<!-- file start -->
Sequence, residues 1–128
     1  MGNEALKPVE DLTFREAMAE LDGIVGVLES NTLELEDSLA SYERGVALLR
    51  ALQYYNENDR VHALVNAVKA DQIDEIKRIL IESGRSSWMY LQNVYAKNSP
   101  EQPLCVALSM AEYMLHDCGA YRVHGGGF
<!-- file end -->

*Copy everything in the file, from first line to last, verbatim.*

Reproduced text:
Sequence, residues 1–128
     1  MGNEALKPVE DLTFREAMAE LDGIVGVLES NTLELEDSLA SYERGVALLR
    51  ALQYYNENDR VHALVNAVKA DQIDEIKRIL IESGRSSWMY LQNVYAKNSP
   101  EQPLCVALSM AEYMLHDCGA YRVHGGGF